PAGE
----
Coronavirus: Not all hand sanitisers work against it – here’s what you should use

Stockpiling had caused Boots to run out of hand sanitiser. Photo: Matthew Nixon

Stockpiling had caused Boots to run out of hand sanitiser. Photo: Matthew Nixon - Credit: Archant

There has been a rush for people to buy hand santiser in supermarkets - but not all of them are effective against coronavirus. MANAL MOHAMMED, a lecture in microbiology, advises to make the most of soap.

People can help fight the spread of the coronavirus by continuing to regularly wash their hands with

People can help fight the spread of the coronavirus by continuing to regularly wash their hands with soap and water. Picture: Getty - Credit: Getty

Since the outbreak of COVID-19, sales of hand sanitisers have soared. It's become such a sought-after product that pharmacies and supermarkets have started limiting the number that people can buy at one time. New York state has even announced it will start producing its own hand sanitiser to meet demand. Though hand sanitisers can help reduce our risk of catching certain infections, not all hand sanitisers are equally effective against coronavirus.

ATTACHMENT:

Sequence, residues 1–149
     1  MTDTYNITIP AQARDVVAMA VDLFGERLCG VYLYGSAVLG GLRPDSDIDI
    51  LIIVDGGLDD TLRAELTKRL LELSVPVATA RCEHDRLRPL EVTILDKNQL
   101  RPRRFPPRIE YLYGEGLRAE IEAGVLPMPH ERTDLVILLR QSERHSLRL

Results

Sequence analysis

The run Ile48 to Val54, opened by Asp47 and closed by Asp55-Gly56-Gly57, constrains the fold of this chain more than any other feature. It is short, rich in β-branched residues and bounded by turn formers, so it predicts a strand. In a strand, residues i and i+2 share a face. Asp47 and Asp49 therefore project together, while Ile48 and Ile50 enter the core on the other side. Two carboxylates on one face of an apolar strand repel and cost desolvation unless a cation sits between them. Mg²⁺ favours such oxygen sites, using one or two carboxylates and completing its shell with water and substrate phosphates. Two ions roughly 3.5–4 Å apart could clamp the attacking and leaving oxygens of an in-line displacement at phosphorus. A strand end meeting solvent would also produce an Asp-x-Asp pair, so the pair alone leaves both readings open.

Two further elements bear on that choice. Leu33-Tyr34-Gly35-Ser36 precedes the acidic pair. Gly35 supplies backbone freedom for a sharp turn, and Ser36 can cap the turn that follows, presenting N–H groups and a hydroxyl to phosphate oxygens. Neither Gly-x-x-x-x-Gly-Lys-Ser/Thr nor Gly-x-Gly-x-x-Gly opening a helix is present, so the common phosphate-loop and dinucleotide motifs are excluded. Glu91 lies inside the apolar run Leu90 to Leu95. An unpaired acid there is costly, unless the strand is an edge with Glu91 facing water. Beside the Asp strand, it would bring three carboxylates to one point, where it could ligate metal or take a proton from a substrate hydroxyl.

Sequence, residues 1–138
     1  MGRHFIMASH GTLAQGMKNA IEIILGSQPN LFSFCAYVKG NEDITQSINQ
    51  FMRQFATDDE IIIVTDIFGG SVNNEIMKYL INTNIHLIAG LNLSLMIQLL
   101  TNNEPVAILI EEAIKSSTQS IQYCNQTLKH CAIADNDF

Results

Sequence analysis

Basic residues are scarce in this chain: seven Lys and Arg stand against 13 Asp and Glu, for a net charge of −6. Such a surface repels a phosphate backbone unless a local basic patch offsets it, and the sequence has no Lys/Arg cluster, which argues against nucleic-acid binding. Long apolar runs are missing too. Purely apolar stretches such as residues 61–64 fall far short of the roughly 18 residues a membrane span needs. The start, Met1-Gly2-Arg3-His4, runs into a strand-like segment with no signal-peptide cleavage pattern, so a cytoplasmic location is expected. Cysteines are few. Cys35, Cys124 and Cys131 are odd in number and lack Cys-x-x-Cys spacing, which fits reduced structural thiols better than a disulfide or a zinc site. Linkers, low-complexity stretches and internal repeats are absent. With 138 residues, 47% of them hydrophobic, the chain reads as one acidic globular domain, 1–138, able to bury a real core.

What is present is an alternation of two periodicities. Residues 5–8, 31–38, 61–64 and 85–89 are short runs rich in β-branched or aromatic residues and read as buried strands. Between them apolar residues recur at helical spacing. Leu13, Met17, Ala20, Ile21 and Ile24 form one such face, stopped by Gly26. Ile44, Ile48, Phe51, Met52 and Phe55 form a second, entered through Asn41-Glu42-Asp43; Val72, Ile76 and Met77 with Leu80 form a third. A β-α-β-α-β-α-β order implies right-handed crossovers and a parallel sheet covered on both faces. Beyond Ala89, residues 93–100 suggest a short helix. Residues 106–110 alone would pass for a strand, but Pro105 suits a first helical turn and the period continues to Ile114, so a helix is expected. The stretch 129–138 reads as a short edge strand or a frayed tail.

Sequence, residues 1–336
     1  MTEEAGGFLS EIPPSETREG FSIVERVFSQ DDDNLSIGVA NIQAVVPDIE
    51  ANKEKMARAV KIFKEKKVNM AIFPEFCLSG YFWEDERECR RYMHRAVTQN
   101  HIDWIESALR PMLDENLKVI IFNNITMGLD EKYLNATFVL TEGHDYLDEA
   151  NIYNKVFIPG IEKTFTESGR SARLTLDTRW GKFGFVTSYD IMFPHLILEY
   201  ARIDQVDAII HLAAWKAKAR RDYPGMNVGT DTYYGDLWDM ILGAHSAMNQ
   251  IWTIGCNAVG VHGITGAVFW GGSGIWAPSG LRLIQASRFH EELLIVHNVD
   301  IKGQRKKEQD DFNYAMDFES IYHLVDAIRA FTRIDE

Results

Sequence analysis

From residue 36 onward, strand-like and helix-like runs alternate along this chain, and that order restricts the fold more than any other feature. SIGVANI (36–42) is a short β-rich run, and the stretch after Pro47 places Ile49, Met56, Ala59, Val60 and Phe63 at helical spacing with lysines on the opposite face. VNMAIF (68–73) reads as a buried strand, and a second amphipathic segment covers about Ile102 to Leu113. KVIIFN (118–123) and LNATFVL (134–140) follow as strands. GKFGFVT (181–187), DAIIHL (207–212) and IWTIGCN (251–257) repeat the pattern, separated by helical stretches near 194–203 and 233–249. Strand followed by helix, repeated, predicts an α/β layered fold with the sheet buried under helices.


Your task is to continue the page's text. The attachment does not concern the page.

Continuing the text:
As with other viral respiratory infections – like the common cold and flu – the novel coronavirus (called SARS-CoV-2) is mainly spread when virus-laden droplets from a person's mouth or nose are transferred to other people. However, a recent study has suggested that it can also spread through faeces.


You may also want to watch: